What’s worse, is we often feel entitled to the outcome with out doing our spoude. We want God to just give us the fruit without making any effort to produce the fruit. And we get mad when God doesn’t make us the kind of people we think He should be making us into.
Even though we haven’t done anything to change.
Yes, there is the granted and given aspect of our faith. But, Yes, there is also the working, spoude, diligent, striving aspect of our faith. We have to “press on/strain toward the goal.”(Phil. 3) We have to “Do our best to present ourselves to God as one approved, a worker who has no need to be ashamed, rightly handling the word of truth.” (2 Tim. 2)
We don’t become “spiritual giants” by waiting for someone else to make us one. We don’t become more like Christ by waiting for God to do all the work for us. Will God do the work in us? Absolutely. It can only be done through Him. But that doesn’t mean I don’t have any responsibility to work at becoming like Christ.
The problem is, I’m lazy. I don’t like doing things that require effort on my part. Can’t I just pay someone to do that for me? Isn’t there an easier way.
Samuel Johnson said: “What we hope ever to do with ease, we must learn first to do with diligence.” Faith may not come naturally to you at first, but if you make every effort you can in it, it will come more naturally to you. Virtue/Moral excellence may not come naturally. But if you work at it, strain and strive after it, it will come more naturally to you. Knowledge will not just magically appear in your mind. You have to work to attain it.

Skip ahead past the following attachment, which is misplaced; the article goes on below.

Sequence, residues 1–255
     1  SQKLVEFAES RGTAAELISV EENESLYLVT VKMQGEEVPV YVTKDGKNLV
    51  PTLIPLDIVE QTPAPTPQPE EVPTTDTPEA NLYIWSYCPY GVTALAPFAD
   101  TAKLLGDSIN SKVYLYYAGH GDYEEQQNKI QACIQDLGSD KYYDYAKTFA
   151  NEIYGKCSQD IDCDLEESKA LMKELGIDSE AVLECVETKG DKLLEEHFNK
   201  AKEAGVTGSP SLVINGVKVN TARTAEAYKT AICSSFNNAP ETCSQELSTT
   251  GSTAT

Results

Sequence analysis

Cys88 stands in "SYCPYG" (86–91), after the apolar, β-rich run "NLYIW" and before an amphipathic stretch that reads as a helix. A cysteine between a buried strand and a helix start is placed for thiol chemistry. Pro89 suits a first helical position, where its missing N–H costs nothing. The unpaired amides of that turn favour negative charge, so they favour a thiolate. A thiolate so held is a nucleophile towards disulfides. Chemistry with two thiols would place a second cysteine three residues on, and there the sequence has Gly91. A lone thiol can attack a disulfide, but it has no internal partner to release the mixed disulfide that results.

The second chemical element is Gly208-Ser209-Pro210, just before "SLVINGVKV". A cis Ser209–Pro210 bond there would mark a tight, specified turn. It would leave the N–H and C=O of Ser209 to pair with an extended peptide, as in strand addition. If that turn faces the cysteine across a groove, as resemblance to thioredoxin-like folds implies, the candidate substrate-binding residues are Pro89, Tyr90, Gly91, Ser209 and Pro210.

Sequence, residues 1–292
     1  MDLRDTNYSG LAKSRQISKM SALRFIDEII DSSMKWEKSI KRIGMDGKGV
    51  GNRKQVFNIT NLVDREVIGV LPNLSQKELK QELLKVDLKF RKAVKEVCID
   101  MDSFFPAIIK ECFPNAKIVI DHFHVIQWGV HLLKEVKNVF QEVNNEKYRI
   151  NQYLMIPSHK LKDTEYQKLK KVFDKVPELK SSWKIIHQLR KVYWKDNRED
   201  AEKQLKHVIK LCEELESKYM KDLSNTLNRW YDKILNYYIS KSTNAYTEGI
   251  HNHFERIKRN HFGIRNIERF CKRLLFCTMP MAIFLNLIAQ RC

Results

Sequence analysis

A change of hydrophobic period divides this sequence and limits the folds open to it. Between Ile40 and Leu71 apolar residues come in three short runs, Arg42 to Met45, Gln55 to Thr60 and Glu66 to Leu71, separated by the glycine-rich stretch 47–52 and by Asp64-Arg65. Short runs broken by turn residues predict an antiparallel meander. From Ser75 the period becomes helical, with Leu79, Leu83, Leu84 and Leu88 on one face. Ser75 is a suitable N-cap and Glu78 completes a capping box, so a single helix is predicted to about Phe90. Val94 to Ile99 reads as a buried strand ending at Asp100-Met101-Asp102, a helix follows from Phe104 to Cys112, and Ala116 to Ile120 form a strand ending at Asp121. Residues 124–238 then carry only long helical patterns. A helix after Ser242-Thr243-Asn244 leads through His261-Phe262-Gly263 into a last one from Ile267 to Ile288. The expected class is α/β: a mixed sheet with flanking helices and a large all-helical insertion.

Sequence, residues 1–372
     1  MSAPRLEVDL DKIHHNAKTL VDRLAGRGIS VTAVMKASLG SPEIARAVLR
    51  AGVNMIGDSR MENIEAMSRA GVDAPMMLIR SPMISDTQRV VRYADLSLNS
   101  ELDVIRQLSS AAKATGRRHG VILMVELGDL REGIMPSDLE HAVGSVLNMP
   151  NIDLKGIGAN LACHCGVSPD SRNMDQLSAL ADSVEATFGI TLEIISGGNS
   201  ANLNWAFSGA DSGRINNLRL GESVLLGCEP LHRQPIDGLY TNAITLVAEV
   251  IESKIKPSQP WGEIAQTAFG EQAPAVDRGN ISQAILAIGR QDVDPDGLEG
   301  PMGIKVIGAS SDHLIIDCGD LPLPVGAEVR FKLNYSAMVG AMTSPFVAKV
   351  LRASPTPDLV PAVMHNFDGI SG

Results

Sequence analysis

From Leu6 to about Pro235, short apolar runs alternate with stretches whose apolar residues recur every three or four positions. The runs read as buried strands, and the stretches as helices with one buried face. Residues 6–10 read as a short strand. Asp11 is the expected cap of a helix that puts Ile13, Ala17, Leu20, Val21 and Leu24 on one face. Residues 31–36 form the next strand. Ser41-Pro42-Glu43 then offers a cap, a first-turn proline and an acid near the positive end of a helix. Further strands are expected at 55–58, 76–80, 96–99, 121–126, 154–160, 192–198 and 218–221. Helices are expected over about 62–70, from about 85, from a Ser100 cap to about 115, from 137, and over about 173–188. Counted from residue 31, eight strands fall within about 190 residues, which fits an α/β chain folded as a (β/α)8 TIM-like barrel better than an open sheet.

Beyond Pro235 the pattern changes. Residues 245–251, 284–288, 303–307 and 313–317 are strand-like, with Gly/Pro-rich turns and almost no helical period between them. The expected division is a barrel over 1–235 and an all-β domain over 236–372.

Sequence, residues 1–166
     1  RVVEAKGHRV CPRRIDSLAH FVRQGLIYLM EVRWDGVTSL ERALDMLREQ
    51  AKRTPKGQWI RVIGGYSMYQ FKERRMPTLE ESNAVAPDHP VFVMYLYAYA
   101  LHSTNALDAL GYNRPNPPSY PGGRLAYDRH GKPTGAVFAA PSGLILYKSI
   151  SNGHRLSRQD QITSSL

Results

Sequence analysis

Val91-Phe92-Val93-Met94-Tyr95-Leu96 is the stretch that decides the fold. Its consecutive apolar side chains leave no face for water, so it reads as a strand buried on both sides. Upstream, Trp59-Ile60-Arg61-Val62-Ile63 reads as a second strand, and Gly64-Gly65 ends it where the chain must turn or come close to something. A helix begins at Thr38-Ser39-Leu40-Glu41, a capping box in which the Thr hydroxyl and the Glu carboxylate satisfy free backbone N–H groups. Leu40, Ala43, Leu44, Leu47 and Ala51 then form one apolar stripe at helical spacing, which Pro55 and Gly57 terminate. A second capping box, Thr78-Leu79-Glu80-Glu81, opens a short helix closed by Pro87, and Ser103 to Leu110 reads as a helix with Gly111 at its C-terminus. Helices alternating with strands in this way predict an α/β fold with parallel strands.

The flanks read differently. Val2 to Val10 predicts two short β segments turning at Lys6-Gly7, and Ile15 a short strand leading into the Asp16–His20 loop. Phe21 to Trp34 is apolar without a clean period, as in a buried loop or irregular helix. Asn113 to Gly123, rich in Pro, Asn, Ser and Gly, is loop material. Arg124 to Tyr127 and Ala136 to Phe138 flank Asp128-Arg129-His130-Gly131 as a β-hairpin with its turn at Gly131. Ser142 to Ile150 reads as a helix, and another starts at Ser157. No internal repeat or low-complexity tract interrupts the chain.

Instead of blaming God for not granting us our prayers for Him to do something in us that we’re not willing to do in ourselves, we should ask: “Am I making every effort?” Maybe we’re not there yet. “Am I making any effort at all?”
You and I will never grow in our faith, in our relationship, in our walk with God if we don’t make an effort.
How can we make an effort? Spend time reading his word. Read 2 Peter. Read it slowly. Read it once a day. It’s not long. If that’s too much, just read these 5 verses once a day. Think about it. Let it sink in.
Spend time praying to God. Just communicate with God, have an honest conversation with Him about your struggles. Ask Him to help you conquer this or that.
Worship Him. Humble yourself and exalt Christ. Humble yourself and lift Him up. Make sure you are not elevating yourself above God. Don’t make God a fairy or a jeannie in a bottle who exists to grant your wishes. Make much of him and less of yourself.